Construction Sector Hit Hard as Chennai Battles Acute Water Shortage

Tamil Nadu capital Chennai is fast running out of water and the brunt of water woes after its residents have hit its construction sector which has come to a grinding halt.

Facing acute water shortage, Chennai real estate sector has halted almost all its activities which could derail housing projects that have seen some revival after a slump of 5 years.

As the summer grinds on, groundwater table in many parts of the city has plummeted to alarming levels and reservoirs have dried up, forcing Chennai Metrowater Supply and Sewerage Board (CMWSSB) to reduce piped water supply. This has, in turn, put pressure on the private tanker lorries who ferry water from outside the city. With preference being given to meeting the drinking water and domestic needs, industries are finding it difficult and costlier to meet their water needs.

This has forced many developers to raise many concerns over depleting water sources as private water tankers too have cut their supplies to these construction projects.

Chennai water Woes Affecting  Real Estate Sector
Water is used in different stages of construction such as mixing mortar, concrete, curing and consolidation.

Water supply for construction on the water-deficit OMR has dropped by 50%. City-based developer C Chandran, who is executing a housing project of 100 units at Thoraipakkam, said the project has progressed 45% but water crisis has come as a stumbling block.

“We have slowed down construction. We are at a crucial stage and require about 50,000 litres of water a day, but only 24,000 litres is available,” Chandran said. Accessing quality water has become a herculean task. “We have pushed the completion to May next year, an extension of four months due to water scarcity,” he said.

Another construction company share the same problem. “Water is a key requirement for construction from the initial build-up to the final completion of project, so we buy water from private players in dire situations,” says Varun Manian, Managing Director, Radiance Realty Developers Ltd. “But the charges levied by the water suppliers increase day-by-day and this does have a huge impact on our business,” he added.

Old Mahabalipuram Road (OMR) that houses major IT companies and several luxurious residential properties is one of the worst-affected areas. Construction sites on OMR consume 1.20 crore litres of water daily. The requirement for massive constructions in the south and parts of central Chennai is met by private tankers that source water from farm wells around Tiruporur, Kelambakkam, Ponmar and villages off Vandalur-Kelambakkam Road. With the groundwater in these areas depleting, tankers are exploring new areas leading to dip in the number of trips.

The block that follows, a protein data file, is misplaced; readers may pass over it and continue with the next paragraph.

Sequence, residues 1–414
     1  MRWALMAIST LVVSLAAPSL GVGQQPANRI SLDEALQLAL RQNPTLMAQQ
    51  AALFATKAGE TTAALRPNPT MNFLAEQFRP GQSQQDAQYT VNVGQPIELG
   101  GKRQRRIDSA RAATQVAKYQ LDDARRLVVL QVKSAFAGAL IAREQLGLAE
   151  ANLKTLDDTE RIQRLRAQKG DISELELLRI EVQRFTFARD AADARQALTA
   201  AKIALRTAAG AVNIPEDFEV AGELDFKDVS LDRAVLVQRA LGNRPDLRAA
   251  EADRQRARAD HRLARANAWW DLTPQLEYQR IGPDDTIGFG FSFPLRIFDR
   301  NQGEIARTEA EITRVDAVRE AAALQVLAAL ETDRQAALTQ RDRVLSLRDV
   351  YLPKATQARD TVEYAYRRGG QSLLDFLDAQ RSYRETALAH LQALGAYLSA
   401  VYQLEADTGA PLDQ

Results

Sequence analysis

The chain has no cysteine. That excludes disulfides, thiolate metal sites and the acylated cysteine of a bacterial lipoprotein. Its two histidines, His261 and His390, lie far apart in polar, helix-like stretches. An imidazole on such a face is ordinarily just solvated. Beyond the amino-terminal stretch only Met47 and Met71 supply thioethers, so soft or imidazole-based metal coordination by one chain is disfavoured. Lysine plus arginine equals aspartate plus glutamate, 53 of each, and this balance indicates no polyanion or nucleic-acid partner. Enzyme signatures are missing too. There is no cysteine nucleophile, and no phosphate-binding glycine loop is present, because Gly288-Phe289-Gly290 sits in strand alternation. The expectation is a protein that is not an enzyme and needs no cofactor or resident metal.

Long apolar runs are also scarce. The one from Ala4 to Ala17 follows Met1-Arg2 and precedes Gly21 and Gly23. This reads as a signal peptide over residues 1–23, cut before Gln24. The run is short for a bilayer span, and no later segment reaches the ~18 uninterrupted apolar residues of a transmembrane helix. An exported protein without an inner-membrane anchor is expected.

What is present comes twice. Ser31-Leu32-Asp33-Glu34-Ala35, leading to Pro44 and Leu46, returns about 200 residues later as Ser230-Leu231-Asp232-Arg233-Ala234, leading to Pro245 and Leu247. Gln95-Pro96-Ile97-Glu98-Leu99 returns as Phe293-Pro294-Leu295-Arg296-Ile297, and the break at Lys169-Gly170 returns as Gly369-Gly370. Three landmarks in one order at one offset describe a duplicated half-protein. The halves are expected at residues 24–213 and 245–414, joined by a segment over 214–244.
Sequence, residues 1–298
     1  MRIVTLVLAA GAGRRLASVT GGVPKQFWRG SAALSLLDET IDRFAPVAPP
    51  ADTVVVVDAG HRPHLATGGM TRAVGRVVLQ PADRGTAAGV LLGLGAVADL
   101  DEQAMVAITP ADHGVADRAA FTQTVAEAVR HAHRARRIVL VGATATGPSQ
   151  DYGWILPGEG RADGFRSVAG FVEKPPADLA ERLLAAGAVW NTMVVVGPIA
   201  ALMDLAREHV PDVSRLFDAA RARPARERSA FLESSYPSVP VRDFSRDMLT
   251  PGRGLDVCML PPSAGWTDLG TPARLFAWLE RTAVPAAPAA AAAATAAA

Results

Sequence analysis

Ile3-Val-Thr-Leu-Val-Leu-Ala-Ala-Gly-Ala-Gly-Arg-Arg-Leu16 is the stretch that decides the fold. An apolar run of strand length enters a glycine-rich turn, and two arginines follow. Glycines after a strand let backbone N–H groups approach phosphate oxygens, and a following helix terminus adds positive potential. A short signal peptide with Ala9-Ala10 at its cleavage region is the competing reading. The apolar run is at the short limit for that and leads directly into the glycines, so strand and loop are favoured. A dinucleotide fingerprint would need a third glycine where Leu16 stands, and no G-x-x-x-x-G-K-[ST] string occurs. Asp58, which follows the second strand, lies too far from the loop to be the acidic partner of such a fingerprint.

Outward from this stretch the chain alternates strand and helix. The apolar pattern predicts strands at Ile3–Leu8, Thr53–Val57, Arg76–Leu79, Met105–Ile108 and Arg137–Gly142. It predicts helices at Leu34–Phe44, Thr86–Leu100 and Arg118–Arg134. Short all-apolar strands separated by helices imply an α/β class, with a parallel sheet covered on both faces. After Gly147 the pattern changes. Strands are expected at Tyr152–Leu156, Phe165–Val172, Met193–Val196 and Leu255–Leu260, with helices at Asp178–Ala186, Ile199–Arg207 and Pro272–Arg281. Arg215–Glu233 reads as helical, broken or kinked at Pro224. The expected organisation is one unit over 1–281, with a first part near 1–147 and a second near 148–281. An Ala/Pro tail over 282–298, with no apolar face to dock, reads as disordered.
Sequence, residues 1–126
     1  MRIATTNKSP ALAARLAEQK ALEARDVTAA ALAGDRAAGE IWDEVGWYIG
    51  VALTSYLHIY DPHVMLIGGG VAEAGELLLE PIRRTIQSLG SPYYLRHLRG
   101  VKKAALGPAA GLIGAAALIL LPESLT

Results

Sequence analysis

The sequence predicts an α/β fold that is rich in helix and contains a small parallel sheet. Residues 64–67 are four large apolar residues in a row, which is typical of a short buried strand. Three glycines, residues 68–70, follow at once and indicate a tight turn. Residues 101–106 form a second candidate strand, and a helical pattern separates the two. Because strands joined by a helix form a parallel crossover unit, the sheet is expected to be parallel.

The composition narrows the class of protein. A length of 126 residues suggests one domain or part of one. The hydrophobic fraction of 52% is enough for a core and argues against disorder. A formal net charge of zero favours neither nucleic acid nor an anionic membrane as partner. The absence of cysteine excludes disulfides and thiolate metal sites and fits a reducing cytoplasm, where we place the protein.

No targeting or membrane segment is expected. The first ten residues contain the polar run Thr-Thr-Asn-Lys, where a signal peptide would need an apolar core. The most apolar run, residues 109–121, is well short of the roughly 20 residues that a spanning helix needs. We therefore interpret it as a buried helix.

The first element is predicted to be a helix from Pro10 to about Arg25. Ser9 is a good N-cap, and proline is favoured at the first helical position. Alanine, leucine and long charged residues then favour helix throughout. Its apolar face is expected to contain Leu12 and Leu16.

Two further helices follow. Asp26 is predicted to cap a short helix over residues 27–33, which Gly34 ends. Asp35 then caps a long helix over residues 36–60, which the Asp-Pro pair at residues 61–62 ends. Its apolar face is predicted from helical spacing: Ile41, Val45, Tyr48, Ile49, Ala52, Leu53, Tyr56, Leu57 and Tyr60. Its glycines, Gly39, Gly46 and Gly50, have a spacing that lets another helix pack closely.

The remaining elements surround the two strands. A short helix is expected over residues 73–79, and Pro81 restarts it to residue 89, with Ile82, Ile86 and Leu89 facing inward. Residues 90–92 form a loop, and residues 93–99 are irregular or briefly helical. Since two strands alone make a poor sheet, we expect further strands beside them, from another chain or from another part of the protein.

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According to data from the Rain Centre, an NGO that creates awareness about the need and relevance of rainwater harvesting (RWH) in urban areas, 50 out of 88 observation wells across the city have gone dry. Triplicane, Anna Nagar, Mylapore, Adyar and Valasaravakkam are some of the areas where groundwater levels have also gone down considerably.

Tamil Nadu Water Lorry Owners Association coordinator P Saravanan said wells at Nallambakkam and Keerapakkam located near Guduvanchery are the fresh sources. “Several of their erstwhile agricultural pockets have been urbanized and we need travel to interior localities to tap water. The distance has increased and drivers cannot make more than three trips a day. When desperate builders seek water, some tankers hike the tariff,” he said.

While a 24,000 litre capacity of water tanker supplies water for anywhere between Rs. 1600 to Rs. 2000, some private water tankers have jacked up the rates from Rs. 3000 to Rs. 4000 for constructions.


Approximately 25,000 kilo litres of water is required for construction on 10,000sqft. Water is used in different stages of construction such as mixing mortar, concrete, curing and consolidation.

But there are ways that developers are innovating to minimize water usage. “In construction material, we use Gypsum plaster, an alternate material to cement sand plaster which requires 50 % less water for mixing and no water for curing,” said P Vijayan Janardhanan, Business Head (Residential), Mahindra World City, Chennai. At ORIGINS-Chennai, the first industrial cluster in Tamil Nadu, Mahindra Lifespaces has planned initiatives including 100 % wastewater treatment to reduce potable water use by 28 %, a tertiary water treatment plant of 1.2 MLD capacity and 100 % rainwater harvesting to recharge groundwater.

Besides rainwater harvesting and treated wastewater usage, there is another solution in construction material. The autoclaved aerated concrete blocks or AAC blocks, which are lightweight and precast foam concrete material. These can be used to replace bricks and cement as they use 75% less water.

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